INTERVIEW available in the last Bretagne Sailing Valley® News – Newsletter #14 – Summer 2023
Specialists in on-board electronics and data processing, Pixel sur Mer, based in Lorient and Brest, has enjoyed strong growth for fifteen years, with a turnover in 2022 of 2.5 million euros. Its director of scientific programs, Vincent Drévillon, provides an update on this company which now employs 25 people and whose activity highlights technology transfers from advanced boating to other sectors.
What does Pixel sur Mer do ?
Our multidisciplinary teams of engineers and technicians invent, supply and install complete onboard electronics systems. For us, access to data is the key to sailing performance and safety. Our data collection and visualisation solutions are the first building blocks that enable our teams to create intelligent, automated solutions that reinvent the way we navigate. Today, our solutions are capable of making ships fly, avoiding collisions and capsizes, but also helping the most demanding competitors win.
What are the main stages of your development ?
The company was created by Jean-François Cuzon, who was a navigator-electronic engineer in Michel Desjoyeaux’s team at the time of the Orma multihulls. He then joined the Areva Challenge for the America’s Cup and in 2008 founded Pixel sur Mer. He is still the director, working first on the integration of systems on board the Imocas. Gradually, we created a complete fiber optic strain measurement solution allowing the monitoring of structural parts of the boat: mast, hull and foils. Then, we identified the opportunity to create a design office, of about ten people today, to meet the new challenges linked to the emergence of foils. We started with the Gitana Team in 2017, with whom we worked on a first flight controller which we pioneered.
In terms of product, how does this ?
It is illustrated through the Exocet boxes, which we design and manufacture ourselves. Our first solution is a kind of black box allowing visualization and transmission technology through our collection to monitor a set of data on board and ashore. Our systems manage up to 150 sensors on board a latest generation Imoca. The second is a navigation unit that integrates the calculation of the true wind, and custom settings, offering an advanced autopilot function. Then, in 2021, we released the system which was adapted to flight, the Exocet Gold, the result of our developments with the Ultim teams. Our key thing is to have a range of off-the-shelf solutions – such as the one we supply to Class40s or to Lake Geneva inshore racing boats, the TF35s, which we equip as standard -, while continuing to develop the custom designed and made solutions.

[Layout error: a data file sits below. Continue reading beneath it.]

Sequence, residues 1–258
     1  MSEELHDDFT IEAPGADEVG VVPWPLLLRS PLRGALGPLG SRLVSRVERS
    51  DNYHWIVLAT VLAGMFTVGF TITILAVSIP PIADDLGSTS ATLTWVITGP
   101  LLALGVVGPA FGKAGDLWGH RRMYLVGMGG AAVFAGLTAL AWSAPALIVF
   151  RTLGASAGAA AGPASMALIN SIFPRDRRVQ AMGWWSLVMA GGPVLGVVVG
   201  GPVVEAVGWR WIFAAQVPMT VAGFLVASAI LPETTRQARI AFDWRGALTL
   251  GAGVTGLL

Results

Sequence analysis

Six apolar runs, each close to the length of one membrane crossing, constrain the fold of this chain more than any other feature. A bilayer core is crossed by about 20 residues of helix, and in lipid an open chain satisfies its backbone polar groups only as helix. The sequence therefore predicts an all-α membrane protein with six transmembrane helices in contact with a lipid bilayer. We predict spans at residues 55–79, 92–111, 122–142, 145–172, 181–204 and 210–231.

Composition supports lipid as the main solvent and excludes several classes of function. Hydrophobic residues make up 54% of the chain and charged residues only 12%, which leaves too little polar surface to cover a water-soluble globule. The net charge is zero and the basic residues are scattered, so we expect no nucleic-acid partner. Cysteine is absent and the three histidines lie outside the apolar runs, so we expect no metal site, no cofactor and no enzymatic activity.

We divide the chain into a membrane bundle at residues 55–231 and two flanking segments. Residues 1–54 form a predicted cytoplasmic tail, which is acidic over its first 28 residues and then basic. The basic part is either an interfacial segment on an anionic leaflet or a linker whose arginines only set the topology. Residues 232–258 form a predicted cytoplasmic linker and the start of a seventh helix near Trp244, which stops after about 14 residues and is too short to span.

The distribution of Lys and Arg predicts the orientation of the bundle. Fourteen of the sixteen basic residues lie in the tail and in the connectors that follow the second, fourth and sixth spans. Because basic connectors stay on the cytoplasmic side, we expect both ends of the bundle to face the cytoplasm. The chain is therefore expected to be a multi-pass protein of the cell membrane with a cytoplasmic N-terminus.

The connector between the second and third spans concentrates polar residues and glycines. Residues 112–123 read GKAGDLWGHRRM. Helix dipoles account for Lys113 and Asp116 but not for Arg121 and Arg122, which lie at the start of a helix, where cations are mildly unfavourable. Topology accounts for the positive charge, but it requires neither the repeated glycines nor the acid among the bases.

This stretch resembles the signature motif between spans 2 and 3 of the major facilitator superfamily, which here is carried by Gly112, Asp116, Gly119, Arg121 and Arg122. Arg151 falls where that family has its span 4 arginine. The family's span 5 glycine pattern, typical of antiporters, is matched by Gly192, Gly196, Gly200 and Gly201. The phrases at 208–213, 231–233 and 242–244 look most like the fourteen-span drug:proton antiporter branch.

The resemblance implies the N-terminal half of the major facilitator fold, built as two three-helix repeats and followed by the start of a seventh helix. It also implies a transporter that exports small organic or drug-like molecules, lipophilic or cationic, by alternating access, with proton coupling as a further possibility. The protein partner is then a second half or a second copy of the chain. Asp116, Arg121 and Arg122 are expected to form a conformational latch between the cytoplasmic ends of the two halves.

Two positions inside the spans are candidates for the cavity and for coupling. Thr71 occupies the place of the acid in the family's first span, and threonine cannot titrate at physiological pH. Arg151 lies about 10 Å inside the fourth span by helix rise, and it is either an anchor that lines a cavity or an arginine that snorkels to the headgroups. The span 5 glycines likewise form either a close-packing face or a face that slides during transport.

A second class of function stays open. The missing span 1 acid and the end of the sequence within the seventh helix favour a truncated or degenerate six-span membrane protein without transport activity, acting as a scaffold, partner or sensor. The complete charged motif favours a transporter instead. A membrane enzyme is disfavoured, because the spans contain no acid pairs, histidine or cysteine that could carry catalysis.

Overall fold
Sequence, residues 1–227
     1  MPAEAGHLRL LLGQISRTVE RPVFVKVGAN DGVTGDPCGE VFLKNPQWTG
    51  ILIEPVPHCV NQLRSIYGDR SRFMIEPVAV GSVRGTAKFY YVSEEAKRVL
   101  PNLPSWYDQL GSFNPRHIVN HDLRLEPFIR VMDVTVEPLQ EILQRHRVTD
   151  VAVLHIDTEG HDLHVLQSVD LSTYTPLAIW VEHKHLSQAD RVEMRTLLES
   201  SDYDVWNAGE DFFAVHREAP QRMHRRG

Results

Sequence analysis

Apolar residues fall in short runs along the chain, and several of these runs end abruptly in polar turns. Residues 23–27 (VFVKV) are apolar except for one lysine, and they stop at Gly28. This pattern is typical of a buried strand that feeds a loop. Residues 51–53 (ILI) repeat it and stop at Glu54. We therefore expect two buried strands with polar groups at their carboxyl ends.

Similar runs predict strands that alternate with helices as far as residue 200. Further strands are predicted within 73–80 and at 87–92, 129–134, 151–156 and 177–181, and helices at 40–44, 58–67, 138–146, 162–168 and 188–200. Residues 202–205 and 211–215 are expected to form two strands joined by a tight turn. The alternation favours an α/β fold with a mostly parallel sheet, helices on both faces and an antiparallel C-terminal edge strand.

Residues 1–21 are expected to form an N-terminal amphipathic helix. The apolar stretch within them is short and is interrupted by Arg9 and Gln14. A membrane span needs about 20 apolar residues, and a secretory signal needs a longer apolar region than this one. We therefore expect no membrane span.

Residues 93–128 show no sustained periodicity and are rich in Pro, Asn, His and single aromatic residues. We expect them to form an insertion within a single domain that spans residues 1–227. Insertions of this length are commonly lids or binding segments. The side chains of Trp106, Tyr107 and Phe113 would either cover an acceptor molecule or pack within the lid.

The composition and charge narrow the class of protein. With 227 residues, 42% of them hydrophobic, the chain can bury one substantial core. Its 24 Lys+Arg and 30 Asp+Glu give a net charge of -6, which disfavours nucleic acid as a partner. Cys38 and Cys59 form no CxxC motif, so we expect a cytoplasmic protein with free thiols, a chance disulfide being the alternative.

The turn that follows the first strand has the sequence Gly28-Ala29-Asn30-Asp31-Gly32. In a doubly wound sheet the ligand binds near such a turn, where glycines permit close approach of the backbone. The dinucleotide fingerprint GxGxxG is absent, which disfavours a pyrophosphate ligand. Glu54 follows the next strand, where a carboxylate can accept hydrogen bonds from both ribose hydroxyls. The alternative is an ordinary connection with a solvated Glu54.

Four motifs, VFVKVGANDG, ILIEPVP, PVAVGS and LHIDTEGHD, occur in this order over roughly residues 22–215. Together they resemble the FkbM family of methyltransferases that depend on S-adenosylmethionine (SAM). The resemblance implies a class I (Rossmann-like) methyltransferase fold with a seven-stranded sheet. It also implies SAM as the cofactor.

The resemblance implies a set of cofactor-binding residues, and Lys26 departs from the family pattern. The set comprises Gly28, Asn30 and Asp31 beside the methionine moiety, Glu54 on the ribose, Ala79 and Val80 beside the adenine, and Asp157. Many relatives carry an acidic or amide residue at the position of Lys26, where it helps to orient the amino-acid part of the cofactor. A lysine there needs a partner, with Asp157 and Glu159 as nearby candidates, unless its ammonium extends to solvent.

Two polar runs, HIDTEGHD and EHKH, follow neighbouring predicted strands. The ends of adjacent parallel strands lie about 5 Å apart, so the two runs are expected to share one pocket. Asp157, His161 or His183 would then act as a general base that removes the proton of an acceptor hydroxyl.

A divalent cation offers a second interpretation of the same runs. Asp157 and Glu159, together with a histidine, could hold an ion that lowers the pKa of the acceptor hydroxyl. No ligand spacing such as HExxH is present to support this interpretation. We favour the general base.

What new horizons are opening up to you ?
More than any laboratory area, competitive sailing is our DNA [it represents 75% of turnover, Ed]. Some of our engineers have the distinction of having preferred access to sailors to test our equipment at sea on board Imoca and Ultims. Our expertise at sea in offshore racing is essential to open us up to other sectors, whether in the field of aeronautics or maritime transport to contribute to the emergence of smart, autonomous and sustainable ships. Today, we are collaborating on a 180-passenger boat project in Norway which is motorized on foils. We are working to provide the entire chain of technological parts in order to stabilize it.
And in the area of security ?
We are part of the EXOS-2024 consortium project, in response to a call for expressions of interest between the Pôle Mer Bretagne Atlantique and the Imoca class, to develop a system for detecting and avoiding obstacles at sea, with the long-term ambition of finding a subsurface sensor technology for the detection of cetaceans. Our proposal centralizes all the data from the radar, the AIS, as well as the Sea.AI cameras (ex Oscar) to then generate an automatic action for the pilot, making it follow an anti-collision course. We are working with the aim of having a first solution for the next Vendée Globe.
Crédit photo : © Pixel sur Mer
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